HIGH SCHOOL ENGLISH
English I provides the fundamental skills needed to prepare scholars for success in later English courses. Scholars strengthen their abilities to write, concisely and grammatically following the Schaffer Method to create effective paragraphs and short essays. In the process, they learn to write thesis statements and topic sentences and provide support for both. Writing tasks include giving helpful descriptions, telling true stories, and making good arguments. Scholars learn to give oral presentations. Daily emphasis is placed on frequent short writing of notes and paragraphs that provide material for discussions, presentations, and writing projects.
Scholars read and respond to various literature inside different genres with engaging themes helpful to their learning, language, and culture. Scholars analyze literary elements, themes, and historical contexts of literature in English worldwide and begin to read Shakespeare. Readings assist scholars in developing a broader vocabulary and writing and speaking more fluently.
Honors English I
Prerequisite: Teacher recommendation
Honors English I is an accelerated English class designed to challenge the highly-motivated scholar who demonstrates advanced critical reading and writing skills. The components of English I exist inside the class, with an added higher level reading requirement, focusing on sophisticated essay skills to help scholars prepare for future AP classes. Scholars must meet established criteria to enroll in Honors English I.
Prerequisite: The successful completion of English I
English II is required for 10th-grade scholars and is one of the four credits of English required to graduate. They are reading centers around various authors and genres, including but not limited to a variety of fiction, non-fiction, and Shakespeare. Major authors and works include The Tell-Tale Heart by Edgar Allen Poe, Killers of the Flower Moon by David Grann, Shakespeare’s Hamlet, Snow Falling on Cedars by David Guterson, and The Yellow Wallpaper by Charlotte Perkins Gilman.
Additional pieces of literature may be added at the teacher’s discretion based on the scholar's interest. Through this study, scholars understand how all literature relates to modern audiences. They explore how human emotions transcend time, place, socioeconomic status, race, gender, etc. Ultimately, scholars gain a deeper understanding of how texts are important tools for understanding societies and cultures of all varieties.
In addition to reading, scholars explore various writing styles by writing various types of essays (narrative, informative, and argumentative). English II introduces scholars to the research process and requires scholars to write short multiple essays that follow the Schaffer Method and conform to MLA in-text documentation and formatting.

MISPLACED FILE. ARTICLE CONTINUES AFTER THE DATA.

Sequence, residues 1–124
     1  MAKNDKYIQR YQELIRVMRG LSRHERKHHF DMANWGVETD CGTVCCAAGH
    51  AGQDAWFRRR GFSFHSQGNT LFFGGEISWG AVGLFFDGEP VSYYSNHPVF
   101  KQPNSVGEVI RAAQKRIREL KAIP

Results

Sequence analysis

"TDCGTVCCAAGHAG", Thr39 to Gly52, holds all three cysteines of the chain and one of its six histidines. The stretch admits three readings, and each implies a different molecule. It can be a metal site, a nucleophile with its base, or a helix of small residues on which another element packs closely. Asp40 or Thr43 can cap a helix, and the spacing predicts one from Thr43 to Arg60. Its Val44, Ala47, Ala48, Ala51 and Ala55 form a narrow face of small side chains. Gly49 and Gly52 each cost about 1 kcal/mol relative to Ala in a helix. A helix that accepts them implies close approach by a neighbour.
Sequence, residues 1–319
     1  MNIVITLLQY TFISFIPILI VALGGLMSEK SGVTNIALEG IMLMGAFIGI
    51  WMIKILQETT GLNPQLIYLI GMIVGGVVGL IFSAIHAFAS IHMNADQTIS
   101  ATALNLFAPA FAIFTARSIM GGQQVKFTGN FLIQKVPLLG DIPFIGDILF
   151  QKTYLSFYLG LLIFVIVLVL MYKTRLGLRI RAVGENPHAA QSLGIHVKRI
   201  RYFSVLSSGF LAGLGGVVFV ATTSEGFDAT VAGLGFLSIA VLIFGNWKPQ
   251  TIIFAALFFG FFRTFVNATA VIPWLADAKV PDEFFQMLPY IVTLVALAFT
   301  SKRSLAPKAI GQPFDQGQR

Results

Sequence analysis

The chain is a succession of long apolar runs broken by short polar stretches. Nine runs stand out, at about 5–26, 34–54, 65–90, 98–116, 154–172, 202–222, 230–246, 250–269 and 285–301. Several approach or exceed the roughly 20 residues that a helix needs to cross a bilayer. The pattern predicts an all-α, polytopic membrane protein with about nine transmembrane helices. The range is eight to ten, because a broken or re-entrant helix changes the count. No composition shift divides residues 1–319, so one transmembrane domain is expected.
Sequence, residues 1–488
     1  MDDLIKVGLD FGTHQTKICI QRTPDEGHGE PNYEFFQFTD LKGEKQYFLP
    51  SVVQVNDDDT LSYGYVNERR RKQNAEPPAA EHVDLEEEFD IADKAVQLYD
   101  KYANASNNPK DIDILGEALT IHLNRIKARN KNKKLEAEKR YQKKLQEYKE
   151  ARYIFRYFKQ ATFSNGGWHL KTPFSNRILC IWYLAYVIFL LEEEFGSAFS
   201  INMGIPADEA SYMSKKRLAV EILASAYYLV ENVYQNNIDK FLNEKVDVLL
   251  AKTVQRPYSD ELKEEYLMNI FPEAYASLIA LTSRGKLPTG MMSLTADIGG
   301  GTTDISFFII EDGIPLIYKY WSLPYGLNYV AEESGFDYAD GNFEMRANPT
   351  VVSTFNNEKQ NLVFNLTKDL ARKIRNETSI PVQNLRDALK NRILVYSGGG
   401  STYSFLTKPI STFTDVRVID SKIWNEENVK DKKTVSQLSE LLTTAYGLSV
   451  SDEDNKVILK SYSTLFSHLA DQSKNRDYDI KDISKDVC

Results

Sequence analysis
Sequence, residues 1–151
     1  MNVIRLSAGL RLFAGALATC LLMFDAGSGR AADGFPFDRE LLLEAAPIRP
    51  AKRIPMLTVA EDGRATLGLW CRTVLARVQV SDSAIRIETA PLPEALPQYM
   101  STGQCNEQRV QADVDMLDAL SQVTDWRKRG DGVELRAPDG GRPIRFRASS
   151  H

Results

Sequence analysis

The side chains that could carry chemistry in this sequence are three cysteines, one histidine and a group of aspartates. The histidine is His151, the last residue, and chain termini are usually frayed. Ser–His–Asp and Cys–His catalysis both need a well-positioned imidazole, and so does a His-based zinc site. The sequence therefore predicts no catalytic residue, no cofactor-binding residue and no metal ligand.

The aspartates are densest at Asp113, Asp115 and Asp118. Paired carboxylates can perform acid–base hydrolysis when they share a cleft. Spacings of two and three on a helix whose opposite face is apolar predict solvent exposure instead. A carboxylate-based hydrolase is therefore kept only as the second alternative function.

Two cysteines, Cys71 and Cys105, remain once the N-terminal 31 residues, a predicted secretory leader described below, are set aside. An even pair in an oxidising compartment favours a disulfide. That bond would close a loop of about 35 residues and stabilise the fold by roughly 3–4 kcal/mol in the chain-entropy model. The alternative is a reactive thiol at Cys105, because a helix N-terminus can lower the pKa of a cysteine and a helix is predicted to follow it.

Honors English II
Prerequisite: The successful completion of English I
In addition to English II requirements, Honors English II is the preparatory course for AP English III and IV. The components of English II exist inside the class, with an added higher-level reading requirement. The focus is on composition, grammar, literature, and rhetoric. Scholars read, write and discuss significant and challenging poetry, fiction, and drama at an advanced level. Scholars use various resources to develop skills, including sophisticated use of literary elements and terminology, close readings of various texts, creating, drafting, and editing advanced-level essays, preparing and writing timed essays, and advanced use and mastery of standard English.
Prerequisite: The successful completion of English I and English II
English III provides the fundamental skills to prepare scholars for success in English IV. Scholars continue working toward mastering the Schaffer Method to effectively draft, narrate, argue, inform and explain thoughts and ideas through the written process. Using a collection of American texts, scholars comprehend, evaluate and analyze works of literature to make connections. In addition to understanding and comparing American works of literature like The Crucible, The Great Gatsby, and a compilation of non-fiction, scholars use several literary devices to evaluate the points of view and perspectives of the most prominent authors and poets in American history. While expanding their academic vocabulary, scholars continue developing effective listening and speaking skills through individual and group presentations, multimedia presentations, and classroom discussions. Scholars independently complete a research project using multiple types of resources. Throughout the research process, scholars master how to recognize credible sources and cite sources using proper formatting skills.
Prerequisite: The successful completion of English I, English II and English III
English IV increases and refines communication skills by using the writing process to plan, draft and compile regularly written compositions. Scholars edit papers for clarity, engaging language, and the correct mechanics of written English, all necessary for final, error-free drafts. At the end of the year, scholars complete a senior research paper using the writing process and the Schaffer Method to complete a college-level essay.
Scholars read extensively, deeply, and carefully from various texts, genres, and periods in English literature, including the Anglo-Saxon, Medieval, and Renaissance periods. They examine culturally significant literature (such as Beowulf, The Green Knight, The Canterbury Tales, and Macbeth) as a reflection of history, culture, and ideas.